How to Reduce Crime While Not Talking about Crime

The San Jose mayor’s race unfortunately has been distilled down to a contentious debate on public safety, crime and pension reform. These are certainly relevant issues to debate, but the information surrounding them is skewed. Hundreds of thousands of dollars will be spent on campaign mailers and the focus of these pieces will be almost entirely on the three aforementioned issues—while doing nothing to educate the electorate about other critical problems and potential solutions.

The facts presented in a San Jose Mercury News editorial endorsing Sam Liccardo for mayor indicate that, according to the San Jose Police Department's own numbers, violent crime was down in 2013 compared to 2012 and even 2008 levels. Burglaries are up this year but dropped some in 2013. The FBI statistics available indicate higher crime numbers in San Jose in the 1990s than today.

As an educator and trustee, I focus my attention on our youth: birth to college. Our next mayor should use his bully pulpit to help this segment of our population. Our children represent the city’s future. If we educate children well, with a path toward college or technical degree/certificate, then there will be a significant reduction in crime, unemployment and poverty. A more prosperous city can hire more police, keep all streets free of potholes, continue BART through downtown, house the homeless and pay pension costs.

Fortunately, I read Liccardo's book, which gives me hope that after the election he will put together some strategic initiatives to address education deficiencies.

"Our residents' future prosperity hinges on our collective focus on college attainment,” he writes. “Inaction condemns another generation to low-skill jobs, widening San Jose's already-yawning gap between rich and poor, and much of the gap remains color-coded by race."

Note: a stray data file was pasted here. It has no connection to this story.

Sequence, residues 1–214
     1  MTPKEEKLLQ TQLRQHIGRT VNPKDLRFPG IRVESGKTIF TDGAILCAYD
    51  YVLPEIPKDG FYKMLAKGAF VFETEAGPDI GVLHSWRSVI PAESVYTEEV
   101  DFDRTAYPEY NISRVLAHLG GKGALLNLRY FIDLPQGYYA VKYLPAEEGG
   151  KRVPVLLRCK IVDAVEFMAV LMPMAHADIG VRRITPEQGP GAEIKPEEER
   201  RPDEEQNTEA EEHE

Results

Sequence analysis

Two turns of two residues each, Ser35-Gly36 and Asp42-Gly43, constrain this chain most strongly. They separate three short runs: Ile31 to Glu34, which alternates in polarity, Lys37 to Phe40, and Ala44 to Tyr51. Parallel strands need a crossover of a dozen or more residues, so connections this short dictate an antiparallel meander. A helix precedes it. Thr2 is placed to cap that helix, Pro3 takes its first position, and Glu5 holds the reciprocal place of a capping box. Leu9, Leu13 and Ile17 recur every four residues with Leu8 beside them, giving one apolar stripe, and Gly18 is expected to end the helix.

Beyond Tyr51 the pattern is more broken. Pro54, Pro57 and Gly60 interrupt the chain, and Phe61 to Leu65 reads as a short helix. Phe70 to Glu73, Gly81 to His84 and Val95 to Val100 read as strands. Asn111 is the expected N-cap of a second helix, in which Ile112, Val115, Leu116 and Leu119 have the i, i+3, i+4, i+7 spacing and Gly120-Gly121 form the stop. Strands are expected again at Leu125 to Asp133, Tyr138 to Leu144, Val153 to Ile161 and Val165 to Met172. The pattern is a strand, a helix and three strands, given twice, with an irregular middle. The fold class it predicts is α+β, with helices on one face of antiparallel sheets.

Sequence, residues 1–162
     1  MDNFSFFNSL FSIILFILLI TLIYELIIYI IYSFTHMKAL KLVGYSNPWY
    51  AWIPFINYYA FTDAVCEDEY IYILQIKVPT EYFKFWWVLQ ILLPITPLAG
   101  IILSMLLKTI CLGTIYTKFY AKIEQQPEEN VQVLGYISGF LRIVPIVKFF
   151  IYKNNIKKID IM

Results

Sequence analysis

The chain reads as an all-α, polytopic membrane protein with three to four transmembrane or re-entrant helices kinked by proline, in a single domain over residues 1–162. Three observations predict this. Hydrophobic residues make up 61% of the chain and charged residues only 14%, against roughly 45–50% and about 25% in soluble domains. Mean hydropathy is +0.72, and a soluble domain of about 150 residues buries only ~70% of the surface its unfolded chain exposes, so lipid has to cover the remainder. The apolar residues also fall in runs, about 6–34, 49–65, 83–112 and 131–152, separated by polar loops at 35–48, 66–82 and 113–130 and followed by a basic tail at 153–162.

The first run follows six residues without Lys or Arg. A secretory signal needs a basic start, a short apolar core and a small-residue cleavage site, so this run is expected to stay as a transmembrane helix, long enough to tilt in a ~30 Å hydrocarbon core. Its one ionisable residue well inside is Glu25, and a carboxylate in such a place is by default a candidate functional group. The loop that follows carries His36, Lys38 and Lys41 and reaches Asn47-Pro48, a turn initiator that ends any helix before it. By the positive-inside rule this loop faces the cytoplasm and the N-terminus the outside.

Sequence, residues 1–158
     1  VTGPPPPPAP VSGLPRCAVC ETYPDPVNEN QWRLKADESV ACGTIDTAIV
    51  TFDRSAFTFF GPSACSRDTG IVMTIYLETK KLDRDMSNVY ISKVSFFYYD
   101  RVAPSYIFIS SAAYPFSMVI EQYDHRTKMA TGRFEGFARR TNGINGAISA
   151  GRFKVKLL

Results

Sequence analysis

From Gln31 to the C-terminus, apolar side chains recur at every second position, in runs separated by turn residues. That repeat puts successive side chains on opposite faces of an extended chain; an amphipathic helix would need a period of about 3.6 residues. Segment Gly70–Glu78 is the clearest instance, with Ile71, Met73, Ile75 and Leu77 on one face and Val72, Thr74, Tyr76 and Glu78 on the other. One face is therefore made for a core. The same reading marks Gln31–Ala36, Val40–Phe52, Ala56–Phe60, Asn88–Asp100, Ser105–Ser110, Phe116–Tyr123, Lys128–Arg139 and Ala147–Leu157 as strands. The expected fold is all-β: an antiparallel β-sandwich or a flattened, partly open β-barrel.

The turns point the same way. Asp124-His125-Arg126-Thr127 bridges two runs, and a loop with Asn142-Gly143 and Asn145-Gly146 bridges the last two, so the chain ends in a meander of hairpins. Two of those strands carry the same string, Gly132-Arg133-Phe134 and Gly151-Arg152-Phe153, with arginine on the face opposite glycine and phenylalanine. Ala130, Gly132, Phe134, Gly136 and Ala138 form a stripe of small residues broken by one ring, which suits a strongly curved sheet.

Let me add that our demographics are rapidly changing to an increasing number of citizens of color. Advocacy to bring districts and charters together for collaboration on behalf of children has had little impact. The reality is that public education stakeholders—traditional schools and charter schools—are still at odds. However, a strong mayor can improve the situation.

Liccardo writes, "We need a mayor who can bring both sides together to help public districts and public charters flourish in the same city." Amen to that!

He also articulately addresses quality after-school programs and encourages people to volunteer for reading programs schools.

Liccardo says “we can secure far more resources working together with our 19 school districts than we can working separately."

But there is one glaring hole in Liccardo's education plan and that is universal preschool. New York Mayor Bill de Blasio got it right. He campaigned aggressively on the issue and won with overwhelming support. His plank is now being implemented and it will make New York City a beacon for other cities.

The Santa Clara County Office of Education, with several strategic stakeholders, has been meeting to discuss a Strong Start initiative that would provide high quality preschool for all 4 year olds. San Jose's next mayor must begin to lay a foundation for a more competitive and prosperous future, one with significantly reduced crime.

In the remaining debates, the education issues mentioned in this column should be a topic for both candidates to discuss. Education is the key to our future. All other issues pale in comparison.

Joseph Di Salvo is a member of the Santa Clara County Office of Education’s Board of Trustees. He is a San Jose native. His columns reflect his personal opinion.

10 Comments

  1. The other glaring hole you intentionally did not mention in Liccardo’s grand plan is that City of San Jose elected officials having nothing to do with education, that is the job of each school districts ELECTED school board. Are you advocating that local school boards relinquish their jobs/responsibilities to San Jose elected officials? You also forget to mention that Liccardo has a financial stake in charter schools as his wife is a highly paid representative of Rocketship who’s educational track record is suspect at best.